Friday, February 28, 2014
Dance, like any other sport, is physically demanding. “Muscular strength is important in dance given that most dance styles comprise a combination of static positions and dynamic movements at varying intensities.”1 Muscular strength is one of the most important physical aspects of a dancer, however many shy away from strength training. The myth that the dancer may “bulk up” keeps many female dancers away from weight training. The myth is false, and there are benefits for a dancer to engage in weight training.
The two main reasons a dancer should weight train:
•Injury Prevention- The most prevalent injuries for female intercollegiate athletes is a lower leg injury, mainly in the knees. 2 Making one slight movement when preparing for a turn or a leap can cause a knee to give – most commonly when trying to rotate on a locked knee.
•Maximize Genetic Potential - This will increase strength and power output aiding in higher leaps/jumps, tighter stunts, and more control due to increased core strength (important for tight, strong turns). By weight training, the benefits will coincide with the dancer’s genetic ability producing stronger technical dancers.
According to the NSCA, “There is not a sensible reason why resistance training programs for women need to be any different than those for men.”2 The goal of the program should be to improve the muscular performance in order for successful sport performance. In this case, the sport is dance. By improving the muscle’s performance, the programs can produce healthier dancers with less injuries (injury prevention) and more dynamic movements (maximizing genetic potential); including higher leaps, tighter turns, and sharper motions.
Because dance is just as physically demanding as most sports, weight training programs need to be implemented and required for dancers, much like many other women’s sports.
1Walker, I. J., Nordin-Bates, S. M., & Redding, E. (2011). Characteristics of talented dancers and age group differences: findings from the UK Centres for Advanced Training. High Ability Studies, 22(1), 43-60. doi:10.1080/13598139.2011.597587
2Baechle, T., & Earle, R. (2008). Essentials of strength training and conditioning/national strength and conditioning association. (3rd ed.). Champaign, IL : Human Kinetics.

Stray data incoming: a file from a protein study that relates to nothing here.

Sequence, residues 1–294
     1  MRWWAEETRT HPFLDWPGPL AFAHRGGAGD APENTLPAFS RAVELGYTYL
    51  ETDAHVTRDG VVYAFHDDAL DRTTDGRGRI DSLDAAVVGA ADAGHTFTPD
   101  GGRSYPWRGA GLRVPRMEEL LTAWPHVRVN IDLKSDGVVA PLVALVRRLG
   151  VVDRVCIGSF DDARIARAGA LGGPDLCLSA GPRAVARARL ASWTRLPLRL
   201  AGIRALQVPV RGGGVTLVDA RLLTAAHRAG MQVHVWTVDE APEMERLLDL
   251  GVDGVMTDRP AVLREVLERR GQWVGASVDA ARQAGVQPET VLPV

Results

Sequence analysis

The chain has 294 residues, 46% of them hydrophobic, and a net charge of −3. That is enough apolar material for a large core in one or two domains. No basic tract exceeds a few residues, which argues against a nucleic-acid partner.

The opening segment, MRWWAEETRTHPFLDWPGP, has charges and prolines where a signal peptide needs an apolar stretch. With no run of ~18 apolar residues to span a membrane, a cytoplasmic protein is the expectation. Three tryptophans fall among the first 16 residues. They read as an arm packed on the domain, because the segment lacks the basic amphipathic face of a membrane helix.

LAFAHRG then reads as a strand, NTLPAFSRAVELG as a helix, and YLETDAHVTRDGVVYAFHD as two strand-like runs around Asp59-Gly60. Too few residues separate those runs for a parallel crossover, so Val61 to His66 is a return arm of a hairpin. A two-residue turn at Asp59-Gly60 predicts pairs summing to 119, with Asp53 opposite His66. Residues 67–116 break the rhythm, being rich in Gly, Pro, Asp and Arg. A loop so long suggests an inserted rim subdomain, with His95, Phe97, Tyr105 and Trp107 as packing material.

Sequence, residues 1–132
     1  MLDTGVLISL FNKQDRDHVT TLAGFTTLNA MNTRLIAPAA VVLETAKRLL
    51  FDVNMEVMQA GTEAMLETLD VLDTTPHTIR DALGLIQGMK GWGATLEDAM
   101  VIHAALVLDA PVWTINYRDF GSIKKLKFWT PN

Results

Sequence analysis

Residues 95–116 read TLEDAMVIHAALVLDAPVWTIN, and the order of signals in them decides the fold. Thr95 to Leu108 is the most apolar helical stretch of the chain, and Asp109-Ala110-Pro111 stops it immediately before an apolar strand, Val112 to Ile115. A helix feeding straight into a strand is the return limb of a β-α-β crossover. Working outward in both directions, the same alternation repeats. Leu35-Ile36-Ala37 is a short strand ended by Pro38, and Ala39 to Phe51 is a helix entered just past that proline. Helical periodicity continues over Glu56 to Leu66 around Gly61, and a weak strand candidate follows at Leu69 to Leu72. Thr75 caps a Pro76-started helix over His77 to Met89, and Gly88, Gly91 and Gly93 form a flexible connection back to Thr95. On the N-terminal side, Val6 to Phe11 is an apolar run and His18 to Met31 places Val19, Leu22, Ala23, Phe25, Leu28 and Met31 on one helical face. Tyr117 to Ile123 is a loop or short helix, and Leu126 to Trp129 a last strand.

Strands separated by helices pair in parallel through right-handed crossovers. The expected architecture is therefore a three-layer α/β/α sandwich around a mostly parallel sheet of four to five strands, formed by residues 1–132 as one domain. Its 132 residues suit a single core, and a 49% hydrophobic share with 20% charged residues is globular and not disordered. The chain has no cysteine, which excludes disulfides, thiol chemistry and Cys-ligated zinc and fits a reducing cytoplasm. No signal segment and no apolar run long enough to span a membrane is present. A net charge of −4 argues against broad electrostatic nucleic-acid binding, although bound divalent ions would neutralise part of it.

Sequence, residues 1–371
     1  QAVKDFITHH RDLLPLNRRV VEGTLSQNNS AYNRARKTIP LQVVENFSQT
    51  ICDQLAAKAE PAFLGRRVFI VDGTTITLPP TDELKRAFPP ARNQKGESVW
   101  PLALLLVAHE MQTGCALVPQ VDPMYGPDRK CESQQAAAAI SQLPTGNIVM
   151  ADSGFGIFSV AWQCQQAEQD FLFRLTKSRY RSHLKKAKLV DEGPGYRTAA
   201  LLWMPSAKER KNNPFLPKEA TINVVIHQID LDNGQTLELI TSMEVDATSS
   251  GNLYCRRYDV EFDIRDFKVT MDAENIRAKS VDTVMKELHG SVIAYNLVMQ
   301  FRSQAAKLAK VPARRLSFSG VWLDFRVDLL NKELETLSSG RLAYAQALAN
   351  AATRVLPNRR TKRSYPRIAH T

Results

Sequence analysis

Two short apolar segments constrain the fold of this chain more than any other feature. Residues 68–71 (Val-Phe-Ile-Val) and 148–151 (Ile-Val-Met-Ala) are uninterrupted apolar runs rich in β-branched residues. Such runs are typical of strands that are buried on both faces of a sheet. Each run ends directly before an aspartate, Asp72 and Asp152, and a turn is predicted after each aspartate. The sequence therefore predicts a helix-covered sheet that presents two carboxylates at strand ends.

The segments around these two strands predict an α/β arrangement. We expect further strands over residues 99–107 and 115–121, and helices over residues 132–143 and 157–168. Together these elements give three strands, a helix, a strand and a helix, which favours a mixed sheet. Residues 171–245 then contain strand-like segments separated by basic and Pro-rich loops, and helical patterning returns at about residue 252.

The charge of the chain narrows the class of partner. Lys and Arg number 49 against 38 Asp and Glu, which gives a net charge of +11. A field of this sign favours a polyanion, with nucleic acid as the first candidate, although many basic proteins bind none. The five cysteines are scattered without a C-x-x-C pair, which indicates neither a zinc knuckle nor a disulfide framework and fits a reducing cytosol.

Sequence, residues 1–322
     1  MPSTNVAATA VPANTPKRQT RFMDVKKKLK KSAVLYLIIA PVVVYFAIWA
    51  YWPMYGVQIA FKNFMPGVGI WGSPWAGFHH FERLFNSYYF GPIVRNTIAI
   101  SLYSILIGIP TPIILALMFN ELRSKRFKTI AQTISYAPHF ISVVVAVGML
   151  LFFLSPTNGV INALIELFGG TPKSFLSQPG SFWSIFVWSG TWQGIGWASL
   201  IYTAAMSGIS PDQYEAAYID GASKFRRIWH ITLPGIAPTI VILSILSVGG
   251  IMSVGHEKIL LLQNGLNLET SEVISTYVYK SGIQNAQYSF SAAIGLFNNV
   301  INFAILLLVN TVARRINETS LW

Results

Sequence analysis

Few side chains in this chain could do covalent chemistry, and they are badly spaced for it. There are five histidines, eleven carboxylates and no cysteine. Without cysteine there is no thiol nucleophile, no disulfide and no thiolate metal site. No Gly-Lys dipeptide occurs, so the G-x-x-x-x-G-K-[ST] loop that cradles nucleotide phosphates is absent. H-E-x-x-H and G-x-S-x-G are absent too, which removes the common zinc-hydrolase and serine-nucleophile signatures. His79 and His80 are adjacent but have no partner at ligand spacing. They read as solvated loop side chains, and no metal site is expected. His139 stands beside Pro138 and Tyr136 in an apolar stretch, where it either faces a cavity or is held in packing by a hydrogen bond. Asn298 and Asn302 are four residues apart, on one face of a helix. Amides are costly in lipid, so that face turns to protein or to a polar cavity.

The rotator Cuff muscle group consists of the subscapularis, infraspinatous, supraspinatus, and teres minor. Rotator cuff injures normally occur to overhead athletes: volleyball, swimmers, and baseball players. Injury to the rotator cuff is the most common diagnosis for shoulder pain.1 Rotator Cuff muscles can become inflamed from constant stretching and compressing , which is sometimes a result of Kyphosis and/or forward head. With that being said, there are certain strengthening exercises that can be used to treat this problem. non-steroidal anti- inflammatory drugs (NSAIDS) can be used to manage the pain.
First, working on range of motion (ROM), in different plains at different angles is best. Seeing that, ROM may be limited due to pain or tightness. The Blackburn exercise, I’s, T’s, and Y’s are great exercises to work on ROM or even strength when weight is added. Side laying internal and external rotations with a small dumbbell can be use to strengthen the rotator cuff muscles. Wall ball circumduction and shoulder protractions and retractions are great ways to gain range of motion and strengthen without applying any weigh to the injury. Progression to different angles of resistive therabands is a good way to slowly progress the injury to weight bearing. Exercises can be progressed to weights when ready. Four sets of 6-8 reps can be used to build strength and 3 sets of 10-15 reps can be used to build endurance.
Strength training was the topic of last week’s blog, which also contained a list of different types of strength training. Body weight strength training was part of that discussion. This type of training is also commonly known as Functional Training. No matter what someone calls it, this type of training primarily uses the weight of the individual as the main means of resistance. Functional Training is designed to train the individual to improve their stability and mobility, as well as maintain the body’s natural symmetry. Essentially Functional Training is training each part of the body to perform its function more effectively.